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Most Promising Asian TechnoVisionaries

Four homegrown IT players show why analysts expect Asia to stay relevant in the global marketplace, despite the current economic uncertainties.
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Written by Sol E. Solomon on

Amid the global economic gloom and uncertainties, Asia has been heralded as the one region that analysts say will emerge stronger than its counterparts when the financial storm subsides.

Matthew Boon, managing vice president at Gartner, said in a recent briefing that significant growth is expected out of Asia in 2009, driven by the region's powerhouses--China and India. Emerging economies such as Vietnam, are also expected to enjoy growth. Boon noted that when the economy recovers, historically, Asian countries have been able to grow at a rate even faster than when the economy turned bad.

IDC this week also described Asia as "the bright spot" in the global marketplace, noting that the region's stability has been buoyed by strong growth over the past decade.

As Asia increases its footprint in the global landscape, so too will its homegrown IT shops. It is with this in mind that ZDNet Asia recognizes an exclusive group of Most Promising Asian TechnoVisionaries, as part of the Top Tech 50 awards.

These companies represent the region's homegrown market players that have consistently shown great potential and strong commitment to drive their companies forward, even if they may be small in size. They were judged on their technology innovation, commitment to research and development, business model, customer strategy, market potential, investor/financial record and creative branding/marketing.

The Most Promising Asian TechnoVisionaries for 2008/2009 are:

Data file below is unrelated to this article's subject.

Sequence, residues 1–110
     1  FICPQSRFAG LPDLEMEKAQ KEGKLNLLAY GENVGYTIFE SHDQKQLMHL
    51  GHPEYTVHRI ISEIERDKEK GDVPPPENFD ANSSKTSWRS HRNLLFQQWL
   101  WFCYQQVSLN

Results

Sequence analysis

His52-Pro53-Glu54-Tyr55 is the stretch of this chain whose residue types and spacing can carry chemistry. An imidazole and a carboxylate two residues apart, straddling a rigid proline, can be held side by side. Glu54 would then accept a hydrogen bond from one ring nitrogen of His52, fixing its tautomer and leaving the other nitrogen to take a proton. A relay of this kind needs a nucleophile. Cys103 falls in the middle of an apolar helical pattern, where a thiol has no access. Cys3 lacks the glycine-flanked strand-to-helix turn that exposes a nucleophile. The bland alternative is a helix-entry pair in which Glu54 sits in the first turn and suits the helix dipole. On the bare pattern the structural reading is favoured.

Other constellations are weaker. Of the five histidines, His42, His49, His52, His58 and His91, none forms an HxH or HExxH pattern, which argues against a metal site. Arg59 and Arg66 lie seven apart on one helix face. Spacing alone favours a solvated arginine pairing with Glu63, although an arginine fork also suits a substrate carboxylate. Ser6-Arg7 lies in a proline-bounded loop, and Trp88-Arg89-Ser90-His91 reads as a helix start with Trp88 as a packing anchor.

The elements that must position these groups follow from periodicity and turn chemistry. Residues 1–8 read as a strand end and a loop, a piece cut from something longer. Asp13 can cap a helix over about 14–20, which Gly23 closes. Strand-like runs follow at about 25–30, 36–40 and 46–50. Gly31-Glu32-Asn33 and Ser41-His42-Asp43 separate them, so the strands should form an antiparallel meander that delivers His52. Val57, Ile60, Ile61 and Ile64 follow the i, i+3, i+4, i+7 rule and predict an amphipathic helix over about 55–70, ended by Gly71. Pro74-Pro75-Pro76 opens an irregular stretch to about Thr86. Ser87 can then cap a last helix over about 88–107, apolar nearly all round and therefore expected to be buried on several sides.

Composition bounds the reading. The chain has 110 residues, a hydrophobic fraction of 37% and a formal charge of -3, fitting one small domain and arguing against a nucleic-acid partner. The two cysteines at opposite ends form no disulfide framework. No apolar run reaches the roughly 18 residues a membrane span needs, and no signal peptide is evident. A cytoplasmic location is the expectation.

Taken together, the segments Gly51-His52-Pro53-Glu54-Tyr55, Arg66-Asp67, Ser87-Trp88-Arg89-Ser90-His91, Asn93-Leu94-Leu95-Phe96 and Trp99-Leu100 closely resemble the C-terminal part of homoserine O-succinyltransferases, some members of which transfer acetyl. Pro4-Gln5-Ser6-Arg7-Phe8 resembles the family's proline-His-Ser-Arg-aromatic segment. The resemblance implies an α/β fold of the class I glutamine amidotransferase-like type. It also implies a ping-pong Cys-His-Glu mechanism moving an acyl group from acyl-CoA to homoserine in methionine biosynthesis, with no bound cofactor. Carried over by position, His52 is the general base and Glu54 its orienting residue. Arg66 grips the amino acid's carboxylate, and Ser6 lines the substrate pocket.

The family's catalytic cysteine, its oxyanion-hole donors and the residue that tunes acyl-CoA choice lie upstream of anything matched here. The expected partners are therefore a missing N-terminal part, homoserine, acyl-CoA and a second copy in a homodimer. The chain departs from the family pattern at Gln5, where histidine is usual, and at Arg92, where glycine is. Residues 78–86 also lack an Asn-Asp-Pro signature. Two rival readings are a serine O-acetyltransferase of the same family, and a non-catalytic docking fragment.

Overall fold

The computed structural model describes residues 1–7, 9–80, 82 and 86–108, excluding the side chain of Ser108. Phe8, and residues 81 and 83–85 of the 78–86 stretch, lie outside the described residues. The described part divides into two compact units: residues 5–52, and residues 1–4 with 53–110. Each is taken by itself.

Singapore-based Box Sentry focuses on protecting legitimate e-mail by eliminating false positives to make sure that good e-mail gets through to the recipients. Its flagship antispam product, RealMail, integrates self-learning algorithms, multi-layered heuritistics, positive reputation data and sender authentication.

Elitecore Technologies became the first Indian company to provide a unified threat management (UTM) appliance, when in 2005, it added firewall, gateway antivirus and antispam features to its Web content filtering software. Its core product, Cyberoam, also incorporates a "unique capability" that lets it pinpoint the exact user involved in a security breach, rather than only identifying the Internet Protocol (IP) address of a machine.

Headquarted in Singapore, Quantum Inventions helps motorists and fleet owners by providing traffic information in real-time so they can determine optimal travel routes and in turn, reduce costs and increase efficiency.

By focusing on research and development (R&D), another Singapore company, RadianTrust, effectively proves authenticity of paper documents, and stays a step ahead of fast-changing counterfeiting technology. It allocates 70 percent of its revenue to R&D and more than 60 percent of the company's staff is dedicated to product development.

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